"Mankind does not manifest a development to the better, the stronger, or the higher in the manner in which it has at present believed. 'Progress' is merely a modern idea, i.e. a false idea. The European of the present day is, in worth, far below the European of the Renaissance; onward development (progress, as it is understood to-day) is by no means, by any necessity, elevating, enhancing, strengthening." *         The law that "the fittest" survive in a given environment, does not by any means imply that the stronger or the better will survive, and our authorities for this apparently heterodox doctrine are no less than Prof. Huxley and Herbert Spencer, † I say "heterodox doctrine," because I am speaking popularly, and because I know that a very large number of people (the         * C.W., p. 243, ¶ 4.         † See also George J. Romanes' paper on "Darwin's Latest Critics," Nineteenth Century, May 1890. - p. 91 - late Dr James Martineau was among them), who have not gone below the surface of the Evolution Hypothesis, believe most fervently that the survival of the fittest must mean the survival of the better and stronger. But perhaps it would be as well to make the matter quite clear by referring to Herbert Spencer's and Huxley's actual words.         The former tells us in Vol. I. p. 379 of his Collected Essays, where he is replying to an attack made by Dr Martineau, upon the hypothesis of General Evolution:—         ". . . The law is not the survival of the 'better' or the 'stronger,' if we give to those words anything like their ordinary meaning. It is the survival of those which are constitutionally fittest to thrive under the conditions in which they are placed; and very often that which, humanly speaking, is inferiority, causes the survival. Superiority, whether in size, strength, activity or sagacity is, other things equal, at the cost of diminished fertility; and where the life led by a species does not demand these higher attributes, the species profits by decrease of them, and accompanying increase of fertility. This is the reason why there occur so many cases of retrograde metamorphosis — this is the reason why parasites, internal and external, are so commonly degraded forms of higher types. Survival of the 'better' does not cover these cases, though survival of the 'fittest' does; and, as I am responsible for the phrase, I suppose I am competent to say the word 'fittest' was chosen for this reason. When it is remembered that these cases outnumber all others — it will be seen that - p. 92 - the expression 'survivorship of the better' is wholly inappropriate."



Ludovici wrote:
Now what implied fact is common to the three passages I have just quoted from Nietzsche, Spencer and Huxley respectively? Nietzsche says:—         "Progress is by no means, by any necessity, elevating, enhancing, strengthening." Spencer says, "the survival of the fittest under the conditions in which they are placed, does not by any means necessarily signify that the better and the stronger will survive," and Huxley tells us, we look in vain to the struggle for existence, and the consequent survival of the fittest, to help us towards perfection.         Is it not quite clear from these three statements that the environment is the determining factor? If the environment is best met by mean, emasculated, puny and rickety beings, it follows that those men will be the         " See the Romanes Lecture, "Evolution and Ethics," by T. H. Huxley, Ed. 1903, p. 32. - p. 93 - fittest to survive who are mean, emasculated, puny and rickety.         The parasites in all their loathsomeness, we are told, are examples of the survival of the fittest, but were not those creatures much nobler, from which they were derived, and who unlike them were overcome in the struggle for existence? Is this point quite clear? Is it quite understood, that we may be the "fittest" and yet still degenerate, provided our environment be such that only degenerate beings may survive in it?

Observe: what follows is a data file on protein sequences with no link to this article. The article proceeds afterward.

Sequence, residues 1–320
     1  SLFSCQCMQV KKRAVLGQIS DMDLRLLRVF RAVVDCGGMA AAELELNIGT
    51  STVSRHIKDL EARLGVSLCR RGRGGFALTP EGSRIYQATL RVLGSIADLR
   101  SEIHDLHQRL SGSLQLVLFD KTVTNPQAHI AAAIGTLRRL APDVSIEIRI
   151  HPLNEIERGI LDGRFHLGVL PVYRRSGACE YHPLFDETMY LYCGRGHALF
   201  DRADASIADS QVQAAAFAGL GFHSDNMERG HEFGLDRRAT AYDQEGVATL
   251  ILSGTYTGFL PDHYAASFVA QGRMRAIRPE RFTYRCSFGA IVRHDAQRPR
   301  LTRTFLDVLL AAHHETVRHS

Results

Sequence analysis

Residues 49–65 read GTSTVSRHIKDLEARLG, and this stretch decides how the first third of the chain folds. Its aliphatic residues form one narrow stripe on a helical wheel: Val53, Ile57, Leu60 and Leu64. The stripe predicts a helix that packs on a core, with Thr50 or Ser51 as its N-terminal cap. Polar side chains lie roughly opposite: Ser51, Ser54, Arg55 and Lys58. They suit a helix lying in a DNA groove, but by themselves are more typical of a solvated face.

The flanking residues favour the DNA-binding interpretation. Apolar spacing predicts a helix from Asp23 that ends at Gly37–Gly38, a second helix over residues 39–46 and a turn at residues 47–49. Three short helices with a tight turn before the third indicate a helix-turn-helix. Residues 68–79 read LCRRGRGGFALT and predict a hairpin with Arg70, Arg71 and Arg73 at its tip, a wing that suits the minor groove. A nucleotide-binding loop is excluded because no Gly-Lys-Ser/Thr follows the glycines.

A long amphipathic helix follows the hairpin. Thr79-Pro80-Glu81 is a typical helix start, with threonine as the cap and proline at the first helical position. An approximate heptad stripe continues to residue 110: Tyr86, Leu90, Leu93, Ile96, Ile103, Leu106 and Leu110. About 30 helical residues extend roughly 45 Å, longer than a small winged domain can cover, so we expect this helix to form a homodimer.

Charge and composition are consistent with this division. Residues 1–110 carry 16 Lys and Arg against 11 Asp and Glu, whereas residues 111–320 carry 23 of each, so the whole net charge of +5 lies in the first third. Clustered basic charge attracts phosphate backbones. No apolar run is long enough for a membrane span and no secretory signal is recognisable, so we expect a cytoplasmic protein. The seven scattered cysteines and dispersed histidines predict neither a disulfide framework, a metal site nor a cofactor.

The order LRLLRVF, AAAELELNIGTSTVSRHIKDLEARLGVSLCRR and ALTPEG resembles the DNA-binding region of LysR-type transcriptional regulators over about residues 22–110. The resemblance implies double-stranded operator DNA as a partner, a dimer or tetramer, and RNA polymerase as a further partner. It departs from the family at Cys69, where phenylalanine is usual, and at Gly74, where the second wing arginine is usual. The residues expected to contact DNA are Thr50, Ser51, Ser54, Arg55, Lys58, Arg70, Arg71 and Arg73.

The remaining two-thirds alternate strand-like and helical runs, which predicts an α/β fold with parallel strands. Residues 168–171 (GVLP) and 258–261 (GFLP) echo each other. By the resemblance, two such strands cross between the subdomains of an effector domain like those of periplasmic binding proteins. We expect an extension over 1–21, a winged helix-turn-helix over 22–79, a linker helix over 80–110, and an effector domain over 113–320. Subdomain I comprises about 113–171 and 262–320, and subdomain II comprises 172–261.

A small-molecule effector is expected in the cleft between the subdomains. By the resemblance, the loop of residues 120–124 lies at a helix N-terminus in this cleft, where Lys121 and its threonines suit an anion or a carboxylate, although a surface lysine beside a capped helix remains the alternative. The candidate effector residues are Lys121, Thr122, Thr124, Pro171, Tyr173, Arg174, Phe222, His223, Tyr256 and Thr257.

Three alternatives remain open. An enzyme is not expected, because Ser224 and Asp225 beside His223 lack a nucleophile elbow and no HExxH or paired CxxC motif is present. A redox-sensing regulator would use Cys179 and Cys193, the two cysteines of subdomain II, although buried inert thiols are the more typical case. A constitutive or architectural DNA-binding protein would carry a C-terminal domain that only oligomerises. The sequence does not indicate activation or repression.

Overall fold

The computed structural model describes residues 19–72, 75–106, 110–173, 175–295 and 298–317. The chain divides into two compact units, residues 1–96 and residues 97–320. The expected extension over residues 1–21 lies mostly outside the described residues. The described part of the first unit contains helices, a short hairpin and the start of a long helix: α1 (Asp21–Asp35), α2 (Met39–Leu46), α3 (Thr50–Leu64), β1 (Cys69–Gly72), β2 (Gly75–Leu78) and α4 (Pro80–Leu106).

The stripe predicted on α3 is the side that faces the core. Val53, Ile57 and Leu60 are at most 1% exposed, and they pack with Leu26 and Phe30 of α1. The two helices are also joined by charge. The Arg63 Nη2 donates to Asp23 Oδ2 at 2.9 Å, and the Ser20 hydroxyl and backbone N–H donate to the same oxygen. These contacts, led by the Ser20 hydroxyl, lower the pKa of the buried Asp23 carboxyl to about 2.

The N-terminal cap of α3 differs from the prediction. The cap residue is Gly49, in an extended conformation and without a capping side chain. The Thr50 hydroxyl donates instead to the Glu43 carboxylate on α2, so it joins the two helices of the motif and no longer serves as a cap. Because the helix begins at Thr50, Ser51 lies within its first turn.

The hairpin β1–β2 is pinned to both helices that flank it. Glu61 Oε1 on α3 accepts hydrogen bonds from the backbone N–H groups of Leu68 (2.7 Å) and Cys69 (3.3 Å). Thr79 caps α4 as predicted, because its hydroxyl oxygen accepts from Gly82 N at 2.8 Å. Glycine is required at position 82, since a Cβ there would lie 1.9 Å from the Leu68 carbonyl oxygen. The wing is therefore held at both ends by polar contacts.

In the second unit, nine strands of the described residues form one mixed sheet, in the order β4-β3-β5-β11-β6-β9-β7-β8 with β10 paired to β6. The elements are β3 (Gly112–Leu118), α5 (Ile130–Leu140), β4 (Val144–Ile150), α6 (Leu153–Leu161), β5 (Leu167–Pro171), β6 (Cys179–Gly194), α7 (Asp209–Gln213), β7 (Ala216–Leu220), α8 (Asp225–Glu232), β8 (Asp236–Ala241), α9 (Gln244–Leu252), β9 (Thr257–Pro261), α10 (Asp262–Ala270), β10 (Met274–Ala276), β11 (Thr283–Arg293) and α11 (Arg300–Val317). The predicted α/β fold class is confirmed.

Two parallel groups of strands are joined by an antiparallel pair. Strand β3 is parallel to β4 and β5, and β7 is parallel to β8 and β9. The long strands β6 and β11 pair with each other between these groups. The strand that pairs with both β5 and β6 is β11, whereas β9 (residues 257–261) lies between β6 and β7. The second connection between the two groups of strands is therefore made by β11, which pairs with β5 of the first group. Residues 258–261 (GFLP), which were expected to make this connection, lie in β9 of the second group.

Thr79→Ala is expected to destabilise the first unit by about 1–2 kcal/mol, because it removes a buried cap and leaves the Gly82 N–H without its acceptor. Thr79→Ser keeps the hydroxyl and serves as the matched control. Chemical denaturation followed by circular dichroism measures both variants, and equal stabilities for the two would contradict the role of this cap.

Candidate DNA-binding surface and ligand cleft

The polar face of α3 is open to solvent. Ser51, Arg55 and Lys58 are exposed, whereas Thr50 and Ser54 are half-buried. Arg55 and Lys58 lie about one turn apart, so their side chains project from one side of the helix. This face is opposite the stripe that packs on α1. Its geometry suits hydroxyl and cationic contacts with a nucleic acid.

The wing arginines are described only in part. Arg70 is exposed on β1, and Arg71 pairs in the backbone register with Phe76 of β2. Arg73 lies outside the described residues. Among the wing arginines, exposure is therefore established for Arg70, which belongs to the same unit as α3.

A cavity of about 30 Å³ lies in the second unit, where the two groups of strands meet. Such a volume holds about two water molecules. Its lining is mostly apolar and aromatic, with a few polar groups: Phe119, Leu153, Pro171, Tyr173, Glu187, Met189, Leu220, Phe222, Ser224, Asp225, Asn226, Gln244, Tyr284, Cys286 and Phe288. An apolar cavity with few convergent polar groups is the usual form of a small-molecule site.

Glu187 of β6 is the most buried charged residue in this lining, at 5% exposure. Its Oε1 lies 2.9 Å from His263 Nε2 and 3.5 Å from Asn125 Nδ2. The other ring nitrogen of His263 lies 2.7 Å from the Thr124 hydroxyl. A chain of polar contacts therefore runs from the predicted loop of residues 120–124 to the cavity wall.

Well, then, it was understood over 100 years ago the importance of avoiding degeneracy in the population, and why it occured. The solution might also be given, by promoting the Superman, and working towards that goal. And the arguments are sound, so sound, in my opinion, I dont know why they are not always used and are fundamental. I remember from my school years that ,literally, the opposite was taught.

This alone gives new meaning to what a state ought to be doing...


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PostSubject: Re: Anthony Ludovici Anthony Ludovici - Page 4 EmptySat Aug 29, 2015 2:39 pm

Drome wrote:
He is quotable, for sure, but this struck out most with me as I had never understood it - and even gotten explained to me how wrong Nietzsche was on evolution:

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PostSubject: Re: Anthony Ludovici Anthony Ludovici - Page 4 EmptyMon Jan 09, 2017 7:23 pm

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"ἐδιζησάμην ἐμεωυτόν." [Heraclitus]

"All that exists is just and unjust and equally justified in both." [Aeschylus, Prometheus]

"The history of everyday is constituted by our habits. ... How have you lived today?" [N.]

*Become clean, my friends.*